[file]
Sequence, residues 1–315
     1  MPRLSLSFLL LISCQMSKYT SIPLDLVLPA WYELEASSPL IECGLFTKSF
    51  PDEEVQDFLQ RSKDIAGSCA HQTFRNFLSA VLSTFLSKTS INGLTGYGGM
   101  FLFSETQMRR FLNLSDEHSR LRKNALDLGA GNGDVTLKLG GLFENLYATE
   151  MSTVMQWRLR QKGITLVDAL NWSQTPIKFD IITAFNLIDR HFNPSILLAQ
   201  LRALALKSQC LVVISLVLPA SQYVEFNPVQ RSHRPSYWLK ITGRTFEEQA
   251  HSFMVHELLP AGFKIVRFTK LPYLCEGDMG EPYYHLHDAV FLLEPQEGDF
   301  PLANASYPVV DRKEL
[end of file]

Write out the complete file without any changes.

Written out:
Sequence, residues 1–315
     1  MPRLSLSFLL LISCQMSKYT SIPLDLVLPA WYELEASSPL IECGLFTKSF
    51  PDEEVQDFLQ RSKDIAGSCA HQTFRNFLSA VLSTFLSKTS INGLTGYGGM
   101  FLFSETQMRR FLNLSDEHSR LRKNALDLGA GNGDVTLKLG GLFENLYATE
   151  MSTVMQWRLR QKGITLVDAL NWSQTPIKFD IITAFNLIDR HFNPSILLAQ
   201  LRALALKSQC LVVISLVLPA SQYVEFNPVQ RSHRPSYWLK ITGRTFEEQA
   251  HSFMVHELLP AGFKIVRFTK LPYLCEGDMG EPYYHLHDAV FLLEPQEGDF
   301  PLANASYPVV DRKEL